There is a growing concern that international students feel less welcome in the UK.

“Many universities have become quite reliant on overseas students, and unless there is some sort of review of student tuition fees, then we may see universities being very vocal on their funding requirements or going bust, neither of which is desirable for a new government,” Garrood said.

“There have been reports that the clampdown in January has seen applications fall. In fact, the drop has been for dependents,” he said. “This is not a major factor for PBSA, because the vast majority of accommodation is single occupancy for those in full-time education.”

Garrood said that he would like to see more positive sentiment from the incoming government.

“International students not only bring money but are also highly qualified people,” he said. “So why would you not want to keep them? And I would like to see the benefits of university extolled for all students.”

He also called for planning simplification, with a centrally driven mandate to “stop the variability in local authority interpretations and help attract investment.”

The European Investment View

“Tuition fees have been the same for a long time, so you can’t blame universities for looking at the higher fees they can charge international students as a path for growth,” GSA Global Head of Real Estate James Hunt said. “Their challenges are deep-rooted, and rather than cutting down on weaker courses, what would be better is to consider variable fees for different courses in different locations, based on probable outcomes.”

He said there is a danger of international students being looked at as “low-hanging fruit” in terms of migration, instead of considering the fact that the UK has a world-class higher education system that should be embracing overseas students and retaining them as highly qualified members of the workforce.

“The clampdown on international student numbers is certainly a hot topic among investors. Our recent focus has been on Europe more for opportunistic reasons than because of a possible threat in the UK,” he said. “Nonetheless, the situation does encourage that diversification.

“The devil is in the detail. If you are specialised in very high-end accommodation for foreign students and, for example, less Chinese students come over, then that could have an impact. For players in the middle markets, it’s less of an issue.” 

He would like to see an incoming government show more recognition of the important role of universities and also help with the challenge of PBSA developments being perceived as coming at the expense of residential development by some councils.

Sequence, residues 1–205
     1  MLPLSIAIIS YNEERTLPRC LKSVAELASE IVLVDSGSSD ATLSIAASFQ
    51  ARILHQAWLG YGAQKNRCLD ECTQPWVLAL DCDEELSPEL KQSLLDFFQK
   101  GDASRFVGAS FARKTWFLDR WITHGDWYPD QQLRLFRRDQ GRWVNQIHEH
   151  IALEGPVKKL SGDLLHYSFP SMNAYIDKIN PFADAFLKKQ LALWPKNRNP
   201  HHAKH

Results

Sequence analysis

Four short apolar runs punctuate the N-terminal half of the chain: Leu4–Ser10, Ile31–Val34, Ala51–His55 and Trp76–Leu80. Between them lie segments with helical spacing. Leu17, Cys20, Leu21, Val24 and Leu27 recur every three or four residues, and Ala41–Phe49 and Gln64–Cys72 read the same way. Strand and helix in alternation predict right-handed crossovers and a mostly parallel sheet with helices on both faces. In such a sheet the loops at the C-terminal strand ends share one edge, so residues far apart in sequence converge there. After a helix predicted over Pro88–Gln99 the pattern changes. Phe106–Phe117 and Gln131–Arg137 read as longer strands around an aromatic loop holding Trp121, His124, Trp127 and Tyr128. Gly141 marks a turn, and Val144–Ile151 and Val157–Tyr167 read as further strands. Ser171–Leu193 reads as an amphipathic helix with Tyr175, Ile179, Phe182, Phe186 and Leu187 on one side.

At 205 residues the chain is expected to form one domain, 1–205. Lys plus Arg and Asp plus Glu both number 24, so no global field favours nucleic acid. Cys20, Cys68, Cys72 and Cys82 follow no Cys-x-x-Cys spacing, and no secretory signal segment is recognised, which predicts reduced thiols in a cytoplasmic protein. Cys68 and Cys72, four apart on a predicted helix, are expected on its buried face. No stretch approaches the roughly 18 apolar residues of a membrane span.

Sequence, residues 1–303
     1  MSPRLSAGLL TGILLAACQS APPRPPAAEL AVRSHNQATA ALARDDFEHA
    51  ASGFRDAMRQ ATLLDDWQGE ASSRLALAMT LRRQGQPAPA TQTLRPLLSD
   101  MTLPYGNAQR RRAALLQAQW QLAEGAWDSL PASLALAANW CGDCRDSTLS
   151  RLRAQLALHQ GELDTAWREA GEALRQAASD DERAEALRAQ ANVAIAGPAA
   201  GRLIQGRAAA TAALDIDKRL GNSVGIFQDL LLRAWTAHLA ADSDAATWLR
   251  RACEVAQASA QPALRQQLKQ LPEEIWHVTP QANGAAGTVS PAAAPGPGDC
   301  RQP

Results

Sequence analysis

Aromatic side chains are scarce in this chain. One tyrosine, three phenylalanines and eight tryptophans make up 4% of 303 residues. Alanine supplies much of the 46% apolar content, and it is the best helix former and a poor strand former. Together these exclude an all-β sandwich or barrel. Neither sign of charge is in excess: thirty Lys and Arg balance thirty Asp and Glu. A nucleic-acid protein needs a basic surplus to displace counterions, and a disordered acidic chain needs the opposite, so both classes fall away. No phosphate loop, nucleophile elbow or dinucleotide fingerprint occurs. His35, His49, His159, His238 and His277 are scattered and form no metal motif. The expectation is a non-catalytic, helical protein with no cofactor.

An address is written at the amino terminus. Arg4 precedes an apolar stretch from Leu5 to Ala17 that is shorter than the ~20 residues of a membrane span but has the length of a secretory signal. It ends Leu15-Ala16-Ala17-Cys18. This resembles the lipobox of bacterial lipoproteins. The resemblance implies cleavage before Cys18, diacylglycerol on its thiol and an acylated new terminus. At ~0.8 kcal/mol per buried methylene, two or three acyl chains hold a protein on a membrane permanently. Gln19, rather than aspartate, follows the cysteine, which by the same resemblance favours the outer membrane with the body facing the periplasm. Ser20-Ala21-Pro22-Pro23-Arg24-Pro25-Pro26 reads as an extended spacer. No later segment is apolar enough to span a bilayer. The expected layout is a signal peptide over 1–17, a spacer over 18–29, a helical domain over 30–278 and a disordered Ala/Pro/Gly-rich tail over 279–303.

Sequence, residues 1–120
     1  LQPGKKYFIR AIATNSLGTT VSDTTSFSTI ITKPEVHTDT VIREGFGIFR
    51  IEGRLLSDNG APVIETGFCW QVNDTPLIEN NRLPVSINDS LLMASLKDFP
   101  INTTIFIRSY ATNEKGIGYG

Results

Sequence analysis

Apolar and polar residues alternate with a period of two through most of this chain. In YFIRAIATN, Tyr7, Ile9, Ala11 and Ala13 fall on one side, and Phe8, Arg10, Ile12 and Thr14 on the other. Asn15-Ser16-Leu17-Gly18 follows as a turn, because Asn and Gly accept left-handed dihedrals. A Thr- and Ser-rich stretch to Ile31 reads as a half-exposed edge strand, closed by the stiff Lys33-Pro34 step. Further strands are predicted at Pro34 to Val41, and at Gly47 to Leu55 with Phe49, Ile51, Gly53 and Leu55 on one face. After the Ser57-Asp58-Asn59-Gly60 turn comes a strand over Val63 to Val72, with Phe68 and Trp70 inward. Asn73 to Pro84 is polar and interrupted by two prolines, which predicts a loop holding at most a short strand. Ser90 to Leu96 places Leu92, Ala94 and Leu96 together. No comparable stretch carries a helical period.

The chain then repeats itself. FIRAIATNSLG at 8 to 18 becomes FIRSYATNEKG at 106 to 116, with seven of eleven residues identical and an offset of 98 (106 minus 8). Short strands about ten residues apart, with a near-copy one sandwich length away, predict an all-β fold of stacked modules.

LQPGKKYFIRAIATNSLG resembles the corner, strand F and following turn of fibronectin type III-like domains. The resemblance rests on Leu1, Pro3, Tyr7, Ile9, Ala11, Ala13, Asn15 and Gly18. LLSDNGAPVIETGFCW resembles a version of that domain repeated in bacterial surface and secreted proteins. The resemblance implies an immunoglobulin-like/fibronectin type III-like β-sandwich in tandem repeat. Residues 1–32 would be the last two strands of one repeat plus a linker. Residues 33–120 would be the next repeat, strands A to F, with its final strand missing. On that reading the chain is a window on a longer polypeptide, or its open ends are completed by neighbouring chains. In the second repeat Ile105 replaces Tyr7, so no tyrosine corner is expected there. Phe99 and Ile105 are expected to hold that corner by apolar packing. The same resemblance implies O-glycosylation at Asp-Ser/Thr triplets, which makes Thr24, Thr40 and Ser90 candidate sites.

“If there is less purpose-built [student] property, then those students will have to rent from the residential market anyway,” Hunt said. “I would like to see councils view us not as part of the problem but as part of the solution.”

The Adviser View

Jennet Siebrits, head of research at CBRE UK, said the independence and status of the MAC report means that whoever wins the election is likely to use the findings rather than commissioning fresh research.

“The report was independent, so although administrations may interpret the report differently, it’s unlikely that their views will be radically different or that a new report would be instigated,” she said.

“There is some anecdotal evidence that the January clampdown has impacted the numbers coming through. But as undergraduate students tend to be in single-occupier rooms and this is unlikely to have any major impact on the PBSA sector, which tends to be very popular among international students as there are packages available, plus a ready-made community,” she said. “However, the PBSA sector has a lot of other challenges, such as planning, scheme financial viability and land pricing, which come further up the agenda than international student numbers.”

CBRE Valuation and Advisory Director Kirsten Dyer said the impact of restrictions on overseas student numbers will be felt differently by the higher education institutions and the real estate sector.

“For higher education, the money from international students tends to cross-subsidise domestic students. For real estate, in locations with high demand, there has been far less impact,” she said. “Some universities already have a clear undersupply versus demand challenge, so actually, it’s that imbalance which is the issue.

“From an investor perspective, there are many factors in assessing the financial viability of a scheme, and understanding the exposure of a university to foreign student numbers is just one of them.”

Related Topics: CBRE, GSA, Empiric Student Property